The dots were created by Ow, then Wiesner’s graduate student. Webb, the S.B. Eckert Professor in Engineering, and Larson, a graduate student in applied and engineering physics now at Albert Einstein College of Medicine, studied their photophysical properties. Baird, director of the Cornell Nanobiotechnology Center, and Srivastava, a postdoctoral researcher, studied the dots as labels on living cells.

The research was supported by the National Science Foundation, the state of New York and Phillip Morris USA. Quantum Dot Corp. supplied quantum dots used for comparison.

Bill Steele | EurekAlert!
Further information:
http://www.cornell.edu

More articles from Physics and Astronomy:

nachricht Scientists propose synestia, a new type of planetary object
23.05.2017 | University of California - Davis

nachricht Turmoil in sluggish electrons’ existence
23.05.2017 | Max-Planck-Institut für Quantenoptik

All articles from Physics and Astronomy >>>

The most recent press releases about innovation >>>

Die letzten 5 Focus-News des innovations-reports im Überblick:

Im Focus: Turmoil in sluggish electrons’ existence

An international team of physicists has monitored the scattering behaviour of electrons in a non-conducting material in real-time. Their insights could be beneficial for radiotherapy.

We can refer to electrons in non-conducting materials as ‘sluggish’. Typically, they remain fixed in a location, deep inside an atomic composite. It is hence...

Im Focus: Wafer-thin Magnetic Materials Developed for Future Quantum Technologies

Two-dimensional magnetic structures are regarded as a promising material for new types of data storage, since the magnetic properties of individual molecular building blocks can be investigated and modified. For the first time, researchers have now produced a wafer-thin ferrimagnet, in which molecules with different magnetic centers arrange themselves on a gold surface to form a checkerboard pattern. Scientists at the Swiss Nanoscience Institute at the University of Basel and the Paul Scherrer Institute published their findings in the journal Nature Communications.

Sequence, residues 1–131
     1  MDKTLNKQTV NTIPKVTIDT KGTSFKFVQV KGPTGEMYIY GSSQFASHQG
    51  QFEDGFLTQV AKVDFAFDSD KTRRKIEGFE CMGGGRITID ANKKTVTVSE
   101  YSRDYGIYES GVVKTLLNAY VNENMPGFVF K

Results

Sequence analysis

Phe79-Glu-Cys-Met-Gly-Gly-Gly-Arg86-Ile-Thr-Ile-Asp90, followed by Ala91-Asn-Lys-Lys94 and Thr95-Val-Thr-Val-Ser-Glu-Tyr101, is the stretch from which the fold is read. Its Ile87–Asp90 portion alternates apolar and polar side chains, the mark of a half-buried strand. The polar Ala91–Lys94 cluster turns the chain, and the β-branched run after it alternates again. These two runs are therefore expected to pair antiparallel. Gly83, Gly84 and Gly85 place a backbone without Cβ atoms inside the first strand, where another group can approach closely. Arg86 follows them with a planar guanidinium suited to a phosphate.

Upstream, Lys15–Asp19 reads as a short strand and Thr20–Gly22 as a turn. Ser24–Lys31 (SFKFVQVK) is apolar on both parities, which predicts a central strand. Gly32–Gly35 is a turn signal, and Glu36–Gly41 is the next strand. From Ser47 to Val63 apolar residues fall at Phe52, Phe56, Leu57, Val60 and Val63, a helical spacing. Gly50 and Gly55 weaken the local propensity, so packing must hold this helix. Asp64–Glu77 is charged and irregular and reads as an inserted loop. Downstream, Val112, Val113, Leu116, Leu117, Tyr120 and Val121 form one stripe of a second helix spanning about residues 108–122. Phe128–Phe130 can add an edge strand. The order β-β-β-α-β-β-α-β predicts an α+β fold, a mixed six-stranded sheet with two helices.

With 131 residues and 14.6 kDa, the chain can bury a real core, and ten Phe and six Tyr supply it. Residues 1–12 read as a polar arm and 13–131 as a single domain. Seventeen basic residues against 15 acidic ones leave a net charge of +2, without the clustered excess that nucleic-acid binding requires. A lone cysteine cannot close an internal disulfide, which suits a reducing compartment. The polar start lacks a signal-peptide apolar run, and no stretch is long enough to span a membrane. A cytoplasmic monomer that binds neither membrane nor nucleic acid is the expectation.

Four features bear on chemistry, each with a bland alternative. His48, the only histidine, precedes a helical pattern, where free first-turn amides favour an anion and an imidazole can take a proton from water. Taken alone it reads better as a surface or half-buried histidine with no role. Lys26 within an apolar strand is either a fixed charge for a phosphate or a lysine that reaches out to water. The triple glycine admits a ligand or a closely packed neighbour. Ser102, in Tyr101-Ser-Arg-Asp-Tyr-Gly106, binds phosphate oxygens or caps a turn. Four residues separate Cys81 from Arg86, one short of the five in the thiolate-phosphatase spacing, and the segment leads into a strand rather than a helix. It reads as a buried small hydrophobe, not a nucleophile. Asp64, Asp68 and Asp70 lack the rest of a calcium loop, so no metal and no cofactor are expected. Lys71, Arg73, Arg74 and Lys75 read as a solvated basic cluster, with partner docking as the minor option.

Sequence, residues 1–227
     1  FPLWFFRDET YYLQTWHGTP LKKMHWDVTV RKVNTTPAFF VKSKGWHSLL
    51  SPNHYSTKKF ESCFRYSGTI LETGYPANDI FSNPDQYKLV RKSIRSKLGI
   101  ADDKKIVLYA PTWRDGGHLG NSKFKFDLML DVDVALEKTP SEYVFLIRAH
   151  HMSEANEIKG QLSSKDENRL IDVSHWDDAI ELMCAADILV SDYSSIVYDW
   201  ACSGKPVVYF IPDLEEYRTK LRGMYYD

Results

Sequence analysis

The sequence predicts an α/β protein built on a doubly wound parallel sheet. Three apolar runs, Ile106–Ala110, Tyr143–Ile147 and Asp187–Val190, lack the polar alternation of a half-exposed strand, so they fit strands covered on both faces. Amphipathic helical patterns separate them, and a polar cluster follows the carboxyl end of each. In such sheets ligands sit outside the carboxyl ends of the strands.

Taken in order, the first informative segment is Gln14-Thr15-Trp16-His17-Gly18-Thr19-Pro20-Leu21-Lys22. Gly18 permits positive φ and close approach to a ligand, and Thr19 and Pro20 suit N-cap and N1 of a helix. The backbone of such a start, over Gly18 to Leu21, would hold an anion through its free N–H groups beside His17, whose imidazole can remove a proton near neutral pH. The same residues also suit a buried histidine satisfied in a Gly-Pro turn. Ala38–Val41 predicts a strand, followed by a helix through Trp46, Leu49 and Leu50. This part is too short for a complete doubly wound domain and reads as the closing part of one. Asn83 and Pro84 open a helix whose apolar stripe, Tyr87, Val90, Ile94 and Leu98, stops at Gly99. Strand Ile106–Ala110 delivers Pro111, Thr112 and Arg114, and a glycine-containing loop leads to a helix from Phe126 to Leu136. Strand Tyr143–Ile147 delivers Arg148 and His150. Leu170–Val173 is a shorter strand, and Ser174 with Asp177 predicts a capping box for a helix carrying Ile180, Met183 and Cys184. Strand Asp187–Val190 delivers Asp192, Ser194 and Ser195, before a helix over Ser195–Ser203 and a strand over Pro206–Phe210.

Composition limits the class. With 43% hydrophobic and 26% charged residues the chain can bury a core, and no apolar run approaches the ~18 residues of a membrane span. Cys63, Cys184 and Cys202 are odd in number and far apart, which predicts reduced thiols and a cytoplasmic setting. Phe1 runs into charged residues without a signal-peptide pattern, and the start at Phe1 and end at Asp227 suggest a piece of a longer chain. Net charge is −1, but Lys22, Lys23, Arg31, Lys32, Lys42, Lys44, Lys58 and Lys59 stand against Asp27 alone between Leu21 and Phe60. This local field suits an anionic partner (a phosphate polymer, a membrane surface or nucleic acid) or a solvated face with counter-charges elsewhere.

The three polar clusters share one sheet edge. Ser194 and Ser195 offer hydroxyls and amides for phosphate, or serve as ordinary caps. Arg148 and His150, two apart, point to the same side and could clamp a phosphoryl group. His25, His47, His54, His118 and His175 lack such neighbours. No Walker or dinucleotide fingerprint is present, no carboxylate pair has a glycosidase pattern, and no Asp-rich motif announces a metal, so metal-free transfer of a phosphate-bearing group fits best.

Ferrimagnets are composed of two centers which are magnetized at different strengths and point in opposing directions. Two-dimensional, quasi-flat ferrimagnets...

Im Focus: World's thinnest hologram paves path to new 3-D world

Nano-hologram paves way for integration of 3-D holography into everyday electronics

An Australian-Chinese research team has created the world's thinnest hologram, paving the way towards the integration of 3D holography into everyday...

Im Focus: Using graphene to create quantum bits

In the race to produce a quantum computer, a number of projects are seeking a way to create quantum bits -- or qubits -- that are stable, meaning they are not much affected by changes in their environment. This normally needs highly nonlinear non-dissipative elements capable of functioning at very low temperatures.

In pursuit of this goal, researchers at EPFL's Laboratory of Photonics and Quantum Measurements LPQM (STI/SB), have investigated a nonlinear graphene-based...

Im Focus: Bacteria harness the lotus effect to protect themselves

Biofilms: Researchers find the causes of water-repelling properties

Dental plaque and the viscous brown slime in drainpipes are two familiar examples of bacterial biofilms. Removing such bacterial depositions from surfaces is...

All Focus news of the innovation-report >>>

Anzeige

Anzeige

Event News

AWK Aachen Machine Tool Colloquium 2017: Internet of Production for Agile Enterprises

23.05.2017 | Event News

Dortmund MST Conference presents Individualized Healthcare Solutions with micro and nanotechnology

22.05.2017 | Event News

Innovation 4.0: Shaping a humane fourth industrial revolution

17.05.2017 | Event News

 
Latest News

Scientists propose synestia, a new type of planetary object

23.05.2017 | Physics and Astronomy

Zap! Graphene is bad news for bacteria

23.05.2017 | Life Sciences

Medical gamma-ray camera is now palm-sized

23.05.2017 | Medical Engineering

VideoLinks
B2B-VideoLinks
More VideoLinks >>>